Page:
A brave new world of non-Western brands

John Grant: author of Made With: The emerging alternative to Western brands
John Grant: author of Made With: The emerging alternative to Western brands

Brands are made out of culture. With new cultures taking the centre of the world stage new types of brand are almost bound to emerge, writes John Grant.

My new book Made With: The emerging alternative to Western brands charts the rise of brands from the Muslim Majority region, from Istanbul to Indonesia. Cultured, dynamic and increasingly confident, these countries are starting to produce brands with a very distinctive global appeal.

Western brands are a reflection of our core cultural myths. Whether it is the famous founder, the celebrity endorser, the ‘in crowd’ early adopters or the skydiver crazy enough to attempt a free fall from space… our brands often seem to have something to do with heroic individual personality.

We use terms like brand personality so readily it is easy to forget that this was once a ‘hot’ new theory, promoted by the likes of David Ogilvy and Pierre Martineau. This drew credibility from psychoanalysis (the "behavioural economics" of that era). But it also had a lot to do with the creative trends of the time.

Leo Burnett was one leading proponent of giving the brand a metaphorical personality: his Marlboro Cowboy and Jolly Green Giant being classic examples.

By the 1990s things got more confused, as media literacy and new media forced us to focus more on what the brand did and less on empty imagery. But as the dust settled this led to a genre of branding you could define as (authentic) character, rather than (fake, stuck-on) personality. And whether it’s Dove, Nando’s or Helpful Banking (Natwest) it’s hard to argue that personality values aren’t still key.

This style of brand appeal is so pervasive it is tempting to see it as actually what a brand is. It’s only in the light of looking at brands from different cultures that we can start to see that it is only one way (most relevant to Anglo Saxon cultures with their runaway individualism).

One such contrast was provided between the 1960s and 1990s by brands from Japan. These were thoroughly modern and globally successful. But drawn from a different traditional set of traditions. Resulting in brands like Honda, Sony, Issey Miyake and Muji that were recognizably non-Western.

Muslim majority countries

The region whose lifestyles and ideals seem most obviously opposed to that of the West are the Muslim majority countries. When you travel this region and meet people as I did researching my book, you find this ‘opposition’ is more of a Western view than a local one.

While this region has a thriving design culture and passion for worldly goods, they don’t share our obsession with personality, ego, identification and icons.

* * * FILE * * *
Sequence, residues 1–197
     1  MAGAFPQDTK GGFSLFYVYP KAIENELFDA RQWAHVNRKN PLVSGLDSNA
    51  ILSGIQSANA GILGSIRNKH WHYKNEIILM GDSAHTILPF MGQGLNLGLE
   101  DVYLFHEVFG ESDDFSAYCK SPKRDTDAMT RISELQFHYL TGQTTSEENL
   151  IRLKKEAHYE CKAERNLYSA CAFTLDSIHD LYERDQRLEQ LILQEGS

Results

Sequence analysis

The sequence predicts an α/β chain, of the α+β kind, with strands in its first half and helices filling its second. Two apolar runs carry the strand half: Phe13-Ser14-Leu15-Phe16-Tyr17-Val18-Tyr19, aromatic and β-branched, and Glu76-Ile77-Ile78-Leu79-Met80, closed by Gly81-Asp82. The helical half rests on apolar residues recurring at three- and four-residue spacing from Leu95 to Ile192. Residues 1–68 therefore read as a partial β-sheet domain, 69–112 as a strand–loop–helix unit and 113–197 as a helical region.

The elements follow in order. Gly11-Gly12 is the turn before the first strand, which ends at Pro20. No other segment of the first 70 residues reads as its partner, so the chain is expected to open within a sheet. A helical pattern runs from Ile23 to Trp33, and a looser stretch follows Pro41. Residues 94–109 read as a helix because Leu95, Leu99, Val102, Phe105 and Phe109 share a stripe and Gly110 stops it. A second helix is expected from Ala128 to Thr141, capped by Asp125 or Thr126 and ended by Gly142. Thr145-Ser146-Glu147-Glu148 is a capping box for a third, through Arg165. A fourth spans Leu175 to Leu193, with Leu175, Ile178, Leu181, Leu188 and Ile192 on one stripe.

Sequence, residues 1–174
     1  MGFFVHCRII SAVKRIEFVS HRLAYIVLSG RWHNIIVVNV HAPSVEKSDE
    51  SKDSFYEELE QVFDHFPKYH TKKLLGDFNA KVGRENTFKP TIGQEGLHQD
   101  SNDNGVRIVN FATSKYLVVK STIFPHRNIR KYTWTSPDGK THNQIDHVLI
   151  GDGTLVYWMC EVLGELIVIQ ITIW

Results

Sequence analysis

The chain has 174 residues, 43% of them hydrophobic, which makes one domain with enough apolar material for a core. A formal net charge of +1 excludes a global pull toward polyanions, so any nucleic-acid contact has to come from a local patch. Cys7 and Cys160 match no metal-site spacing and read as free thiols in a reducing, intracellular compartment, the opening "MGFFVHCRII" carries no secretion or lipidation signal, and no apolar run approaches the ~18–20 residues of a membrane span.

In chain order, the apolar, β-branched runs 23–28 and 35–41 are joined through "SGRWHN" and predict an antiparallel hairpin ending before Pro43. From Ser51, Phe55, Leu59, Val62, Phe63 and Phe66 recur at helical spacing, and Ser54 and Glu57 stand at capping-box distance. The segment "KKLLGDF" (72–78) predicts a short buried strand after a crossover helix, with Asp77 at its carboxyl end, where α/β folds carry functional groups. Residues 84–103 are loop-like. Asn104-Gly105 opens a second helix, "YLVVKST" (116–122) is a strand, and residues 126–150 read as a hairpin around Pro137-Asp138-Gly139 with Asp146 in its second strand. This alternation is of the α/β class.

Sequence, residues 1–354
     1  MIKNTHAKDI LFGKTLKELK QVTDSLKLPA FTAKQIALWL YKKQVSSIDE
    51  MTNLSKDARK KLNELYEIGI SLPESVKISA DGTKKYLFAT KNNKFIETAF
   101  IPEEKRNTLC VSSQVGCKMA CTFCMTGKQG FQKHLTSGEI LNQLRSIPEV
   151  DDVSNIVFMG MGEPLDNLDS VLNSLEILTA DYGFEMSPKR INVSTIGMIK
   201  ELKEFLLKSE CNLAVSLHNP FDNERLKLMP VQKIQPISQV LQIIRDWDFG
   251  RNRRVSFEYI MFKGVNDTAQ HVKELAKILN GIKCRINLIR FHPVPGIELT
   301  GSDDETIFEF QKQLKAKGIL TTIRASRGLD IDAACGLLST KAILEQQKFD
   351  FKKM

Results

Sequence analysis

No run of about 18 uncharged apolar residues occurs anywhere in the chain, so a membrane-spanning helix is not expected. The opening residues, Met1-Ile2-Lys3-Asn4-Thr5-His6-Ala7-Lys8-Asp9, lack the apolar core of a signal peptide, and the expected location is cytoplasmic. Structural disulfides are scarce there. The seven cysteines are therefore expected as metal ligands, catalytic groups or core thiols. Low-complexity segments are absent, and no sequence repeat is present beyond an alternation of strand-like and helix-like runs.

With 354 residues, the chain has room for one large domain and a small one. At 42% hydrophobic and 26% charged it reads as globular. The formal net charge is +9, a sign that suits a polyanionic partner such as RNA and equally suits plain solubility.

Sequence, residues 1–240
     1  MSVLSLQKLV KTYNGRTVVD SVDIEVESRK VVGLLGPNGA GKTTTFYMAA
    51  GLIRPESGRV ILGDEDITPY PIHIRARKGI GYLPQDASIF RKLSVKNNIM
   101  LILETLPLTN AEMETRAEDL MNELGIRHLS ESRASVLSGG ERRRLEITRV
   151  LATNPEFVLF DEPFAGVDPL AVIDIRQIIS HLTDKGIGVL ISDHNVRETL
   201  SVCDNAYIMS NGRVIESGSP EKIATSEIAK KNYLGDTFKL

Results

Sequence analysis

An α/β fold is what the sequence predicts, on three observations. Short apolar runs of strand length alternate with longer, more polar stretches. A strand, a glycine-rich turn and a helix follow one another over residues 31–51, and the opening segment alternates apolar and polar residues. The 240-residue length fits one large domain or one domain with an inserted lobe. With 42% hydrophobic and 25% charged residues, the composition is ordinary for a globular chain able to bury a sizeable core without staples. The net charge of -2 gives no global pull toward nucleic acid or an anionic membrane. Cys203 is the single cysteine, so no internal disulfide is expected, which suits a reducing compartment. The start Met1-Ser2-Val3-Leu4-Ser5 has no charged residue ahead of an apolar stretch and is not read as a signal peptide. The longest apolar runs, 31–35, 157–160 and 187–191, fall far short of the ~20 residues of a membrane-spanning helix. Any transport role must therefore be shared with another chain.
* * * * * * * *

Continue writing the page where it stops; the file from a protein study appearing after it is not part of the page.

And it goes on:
Many of those I met had experience or education in the West and saw themselves as in-between; having the best of both worlds. That’s a long established self-image of the Silk Road countries; seeing themselves between Europe on the one side, and China and India on the other.

What’s fascinating from the point of view brands is that while this region has a thriving design culture and passion for worldly goods, they don’t share our obsession with personality, ego, identification and icons. Quite the reverse. In traditional Islamic culture you will find no statues or portraits, very few pictures of people (and these in books, not on public display). Instead there is a rich tradition of the spoken word, storytelling, invention and craft, together with a commitment first and foremost to family and community, rather than the individual.

Among his lifetime of work teasing out this contrast, Nobel Prize winning Turkish author Orhan Pamuk wrote My Name is Red exploring the highly charged moment when Western style portraits first came to the Ottoman Empire.

Most of Pamuk’s work is charting the lives of his contemporaries in Istanbul who he describes as "a new generation of humanity, both modern and non Western." Pamuk’s work is rooted in everyday objects, the self-expressive trivia of culture (so much so he has even opened a museum to such objects). And of course this is also the level at which so many brands operate.

While brands don’t often make great art, they do embroider everyday life with meaningful cues, helping us to fashion our ways of life, helping to give them meaning and texture.

What I found in my research was an explosion of brand creativity at this level – in home furnishings, food ordering websites, fashionable scarves, television dramas – that created brands in a different vein to the Western one. I call this type of brand 'Made With' (focused on craft or invention, community and fusion) as opposed to Western brands being 'Made By'.

Time will tell, but given the economic and cultural momentum, and the fact that the Muslim populations account for the biggest, youngest and fastest growing population on earth, it’s hard not to see Made With brands becoming global challengers in the next 10 years.


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